The Dyer's Guide. Chapter IV. On Scouring and Dyeing Wool. To dye wool black.

The Dyer's Guide
Being a Compendium of the Art of Dyeing
Linen, Cotton, Silk, Wool, Muslin, Dresses, Furniture, &c. &c.

With The Method of
Scouring Wool, Bleaching Cotton, &c.
Directions for Ungumming Silk, And For Whitening And Sulphuring Silk And Wool.
And Also
An Inttroductory Epitome of The Leading Facts in Chemistry, As Connected With The Art of Dyeing.

By Thomas Packer,
Dyer and Practical Chemist.

"Cet arte est un des plus utiles et des plus merveilleux qu'on connoisse."
- Chaptal.

"There is no art which depends so much on chemistry as dyeing."
- Garnett.

Second Edition,
Corrected and Materially Improved.

Printed for Sherwood, Gilbert, And Piper,

* It is necessary that the student should not confound the terms; primitive colours here with the prismatic or primary colours, for the discovery of which we are indebted to Sir Isaac Newton. See the Introductory Chapter.Black includes a prodigious number of shades, beginning from the lightest grey or pearl colour to the most intense shade of black. On account of these shades it is classed by dyers among their chief or primitive colours*; for the greater number of browns, of whatsoever shade they be, are finished in the same dye as would dye white wool a grey more or less dark. This operation is called browning. The best superfine black should have a full ground of mazarine blue previously to being finished black.

A great quantity of cloth and other articles have, however, no indigo ground, but a ground of logwood, or of logwood and alder-bark, or of logwood and old fustic, or of logwood, alder-bark, and old fustic, all boiled together, and sometimes they are boiled in a decoction of oak saw-dust.

Indigo for the ground is the richest drug, in carbon, that is or can be used; logwood is next to it: too much logwood, however, whether indigo be used with it or not, gives the black a foxy hue; alder-bark and old fustic modify this effect, and are used in small quantities for this purpose, because the dye from these, as well as that from oak saw-dust, will produce a soot or dead black.

A jet black is required full and rich, therefore old fustic and oak saw-dust are only used to modify the richness of the ground as it regards the blue, whether of indigo or of logwood; for logwood especially, without these, if overcome with sumach and sulphate of iron only, would be foxy, purplish, or have a reddish cast.

So many different grounds being used for blacks, and every dyer thinking his own the best, is the occasion of such a great variety of hues, even of black, being found in the market. It is, therefore, thought unnecessary to describe the various methods of dyeing black which are pursued by different dyers, and which would be, in fact, impossible. But the author has done what is of much greater importance to the student, who, after a little practice, let him have a pattern of black to dye, will know how to do it, let who may have dyed it.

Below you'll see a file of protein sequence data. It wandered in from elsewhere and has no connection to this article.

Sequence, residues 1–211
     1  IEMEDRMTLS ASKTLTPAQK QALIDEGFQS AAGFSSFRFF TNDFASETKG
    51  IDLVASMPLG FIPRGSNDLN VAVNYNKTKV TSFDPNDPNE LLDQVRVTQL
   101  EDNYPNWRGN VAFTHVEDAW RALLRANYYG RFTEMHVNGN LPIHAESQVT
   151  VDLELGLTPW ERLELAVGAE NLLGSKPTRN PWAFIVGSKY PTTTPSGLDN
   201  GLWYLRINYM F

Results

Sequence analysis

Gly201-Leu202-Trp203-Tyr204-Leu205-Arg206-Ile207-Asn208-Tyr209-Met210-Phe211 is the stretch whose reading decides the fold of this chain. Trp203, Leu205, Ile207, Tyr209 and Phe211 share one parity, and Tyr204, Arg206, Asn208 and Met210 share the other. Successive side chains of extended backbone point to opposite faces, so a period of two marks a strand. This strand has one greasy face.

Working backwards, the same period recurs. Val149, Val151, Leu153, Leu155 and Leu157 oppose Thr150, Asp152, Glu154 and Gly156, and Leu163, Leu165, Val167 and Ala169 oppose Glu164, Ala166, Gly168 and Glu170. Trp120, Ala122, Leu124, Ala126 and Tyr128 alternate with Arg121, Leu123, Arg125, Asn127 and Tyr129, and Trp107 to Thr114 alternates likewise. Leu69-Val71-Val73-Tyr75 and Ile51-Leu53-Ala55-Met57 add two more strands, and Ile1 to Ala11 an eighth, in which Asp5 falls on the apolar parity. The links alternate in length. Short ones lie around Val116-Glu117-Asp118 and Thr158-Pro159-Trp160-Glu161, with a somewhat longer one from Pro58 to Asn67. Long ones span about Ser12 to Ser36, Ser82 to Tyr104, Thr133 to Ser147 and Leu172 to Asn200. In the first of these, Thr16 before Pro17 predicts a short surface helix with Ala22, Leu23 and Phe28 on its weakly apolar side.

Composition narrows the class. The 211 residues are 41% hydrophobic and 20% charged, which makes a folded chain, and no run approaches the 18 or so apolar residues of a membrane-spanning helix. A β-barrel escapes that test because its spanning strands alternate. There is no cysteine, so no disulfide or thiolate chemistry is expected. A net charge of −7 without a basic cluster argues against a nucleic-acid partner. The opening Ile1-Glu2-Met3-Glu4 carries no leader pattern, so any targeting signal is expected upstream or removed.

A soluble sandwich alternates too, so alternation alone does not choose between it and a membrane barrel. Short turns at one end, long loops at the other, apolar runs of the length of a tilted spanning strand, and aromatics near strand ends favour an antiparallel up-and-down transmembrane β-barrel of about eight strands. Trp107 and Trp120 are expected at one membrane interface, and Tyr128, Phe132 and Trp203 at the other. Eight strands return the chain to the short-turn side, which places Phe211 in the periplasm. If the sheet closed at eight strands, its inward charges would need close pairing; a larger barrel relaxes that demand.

Even a blue-ground is, according to some, dyed afterwards in a decoction of logwood and galls, or logwood and sumach, and two pounds of verdigris for a hundred pounds of cloth. Thus, ten pounds of logwood and ten of galls, are to form the decoction, and are boiled previously for twelve hours. One third of it with the verdigris is used first, and then the cloth, after boiling in it for two hours, is aired; it is then passed through one third more of the decoction of logwood and galls, having previously had eight pounds of sulphate of iron dissolved in it, and the scum arising from the solution taken off. The goods are to be worked in this one hour at a boiling heat, then aired again by turning them about on a stone floor. The remainder of the dedoction of logwood and galls is then added, with fifteen or twenty pounds of sumach; boil it some time, and then add five pounds of sulphate of iron; scum it, and let the liquor cool down, then put the goods in, and work them at a boiling heat an hour or two, taking them out once or twice, at least, in the time, to air and cool; they are then to be well washed, and passed through a decoction of weld liquor, to soften the black, which will be very fine. This process is chiefly from HcUot; but the quantity of sulphate of iron is more by three pounds than he directs.

When the cloth is blue, it is usually boiled two hours in a decoction of galls, then washed and aired, when sulphate of iron and logwood are added to the liquor, and the goods worked in it for two hours, and then washed.

The above have been the processes in practice for a century past in France, where the galls were not so dear as they now are in England: sumach is here, therefore, now most commonly used as a substitute for galls.

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